Much awaited Disaster Risk Reduction and Management Act is endorsed
With unpredicted earthquakes, frequent flooding, manifold landslides and multiple hazards and disasters striking every year, Nepal is one of the most disaster-prone countries in South Asia. In a country which is so prone to recurring disasters, Nepal had the Natural Calamity Relief Act of 1982. However, it did not cover the broader spectrum of hazard mitigation and disaster risk management or the categorization of the diversified disasters Nepal faces which require different attention. Against this backdrop, there had been a strong consensus among development and humanitarian partners alike, that the country required a new Disaster Management Act that incorporated the whole spectrum of disaster cycle management and the diversity of disasters.
Work on the Disaster Risk Reduction and Management (DRRM) Act endorsed by parliament in September this year actually started more than a decade ago. The DRRM Act will now become a key instrument to guide any disaster risk response, risk reduction, preparedness and management interventions in an event of a disaster in the country. This Act replaces the Natural Calamity Relief Act of 1982.
Recent discourses on disasters of the past and the recent 2015 Gorkha Earthquake of Nepal have all brought about a shift in attitude on part of the planners, government officials, donor agencies and civil society. The calls were unanimous from all quarters for the need of a coordinated disaster preparedness and response mechanism. As a humanitarian donor, the European Commission-Humanitarian Aid and Civil Protection (ECHO) has always been pushing for evidence-based advocacy with special interest in Disaster Management among ECHO Consortia partners.
ECHO’s support to Save the Children lead consortium partner Mission East to execute an advocacy push for Disaster Management (DM) in the interest of the larger population could be seen as a contributing factor for the new act. The "Promoting Inclusive Community Based Disaster Preparedness Project" was a flagship that gave the final push for the decade long initiative to make the new act a reality. Save the Children had been on the forefront to develop a joint advocacy campaign involving all ECHO and Association of INGOs in Nepal (AIN) partners to expedite the decade old process of the endorsement of the DM Act. The project involved tapping into the national media influence to bring political commitment, summarizing views of senior government officials and parliamentarians.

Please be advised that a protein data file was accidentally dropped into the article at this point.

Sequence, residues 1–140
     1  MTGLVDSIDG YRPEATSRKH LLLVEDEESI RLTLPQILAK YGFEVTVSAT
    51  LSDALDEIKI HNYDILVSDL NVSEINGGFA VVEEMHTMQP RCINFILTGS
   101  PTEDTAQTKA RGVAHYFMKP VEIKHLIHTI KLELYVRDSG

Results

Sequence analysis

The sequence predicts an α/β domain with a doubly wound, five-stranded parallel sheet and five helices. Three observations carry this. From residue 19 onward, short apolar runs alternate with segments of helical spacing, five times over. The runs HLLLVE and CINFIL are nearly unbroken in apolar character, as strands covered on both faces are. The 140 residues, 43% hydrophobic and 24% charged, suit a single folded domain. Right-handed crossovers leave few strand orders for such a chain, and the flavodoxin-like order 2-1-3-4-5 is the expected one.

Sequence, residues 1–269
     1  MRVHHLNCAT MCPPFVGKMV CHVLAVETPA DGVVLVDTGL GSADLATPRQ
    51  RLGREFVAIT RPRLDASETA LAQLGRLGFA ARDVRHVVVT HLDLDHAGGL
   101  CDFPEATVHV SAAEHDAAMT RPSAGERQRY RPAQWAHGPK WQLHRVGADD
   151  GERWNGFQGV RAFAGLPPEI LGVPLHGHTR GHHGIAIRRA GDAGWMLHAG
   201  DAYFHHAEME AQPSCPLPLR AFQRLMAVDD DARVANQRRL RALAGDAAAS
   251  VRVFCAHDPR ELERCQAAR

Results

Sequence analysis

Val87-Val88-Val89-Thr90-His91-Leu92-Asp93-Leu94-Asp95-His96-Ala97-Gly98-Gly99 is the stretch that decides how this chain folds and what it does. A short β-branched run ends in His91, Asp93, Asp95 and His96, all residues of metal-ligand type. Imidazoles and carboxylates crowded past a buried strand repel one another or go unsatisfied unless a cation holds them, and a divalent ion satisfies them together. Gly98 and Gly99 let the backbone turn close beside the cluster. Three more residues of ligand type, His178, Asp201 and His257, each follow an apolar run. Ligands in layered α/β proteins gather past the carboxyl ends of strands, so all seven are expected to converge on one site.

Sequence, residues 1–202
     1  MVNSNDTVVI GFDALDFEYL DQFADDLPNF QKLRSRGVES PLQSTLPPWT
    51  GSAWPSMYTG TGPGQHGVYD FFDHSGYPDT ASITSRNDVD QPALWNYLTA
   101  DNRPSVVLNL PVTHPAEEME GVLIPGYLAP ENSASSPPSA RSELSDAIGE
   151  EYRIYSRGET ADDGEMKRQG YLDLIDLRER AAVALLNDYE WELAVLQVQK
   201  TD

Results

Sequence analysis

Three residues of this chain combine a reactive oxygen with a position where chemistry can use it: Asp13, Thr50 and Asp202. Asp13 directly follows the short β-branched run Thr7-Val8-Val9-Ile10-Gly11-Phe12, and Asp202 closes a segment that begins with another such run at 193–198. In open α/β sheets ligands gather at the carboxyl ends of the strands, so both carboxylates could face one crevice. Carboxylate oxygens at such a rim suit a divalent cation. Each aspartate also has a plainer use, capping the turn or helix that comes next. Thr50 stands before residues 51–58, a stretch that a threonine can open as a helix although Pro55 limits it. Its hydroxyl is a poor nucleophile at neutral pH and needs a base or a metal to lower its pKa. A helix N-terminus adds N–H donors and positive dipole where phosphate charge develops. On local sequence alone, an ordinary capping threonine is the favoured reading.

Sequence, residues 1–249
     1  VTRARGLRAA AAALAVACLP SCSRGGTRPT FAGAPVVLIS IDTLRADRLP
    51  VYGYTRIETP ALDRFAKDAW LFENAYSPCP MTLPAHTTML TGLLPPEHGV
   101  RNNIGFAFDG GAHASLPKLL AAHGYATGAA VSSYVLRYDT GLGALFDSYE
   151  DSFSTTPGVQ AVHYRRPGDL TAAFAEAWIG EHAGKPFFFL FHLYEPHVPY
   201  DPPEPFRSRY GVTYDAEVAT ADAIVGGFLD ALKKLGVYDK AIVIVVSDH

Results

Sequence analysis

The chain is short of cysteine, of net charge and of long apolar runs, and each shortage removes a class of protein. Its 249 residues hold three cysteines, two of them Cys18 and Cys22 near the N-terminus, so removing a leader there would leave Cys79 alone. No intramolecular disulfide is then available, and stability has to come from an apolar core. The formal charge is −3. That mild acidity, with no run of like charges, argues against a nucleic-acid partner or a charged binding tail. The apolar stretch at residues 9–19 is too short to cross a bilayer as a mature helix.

The credit for the replacement of the 1982 Relief Act with Disaster Risk Reduction and Management (DRRM) Act rests with all stakeholders. But the final push in the marathon was vested on the 34 television episodes revolving around the themes of post-disaster reconstruction and government accountability for Disaster Management. The support from ECHO in the Inclusive Community Based Disaster Preparedness Project with a media engagement angle is something the public is aware of. These weekly broadcasts have dug deep into the minds of the political class and thus the country has the DRRM Bill endorsed today after years of repeated hits and misses.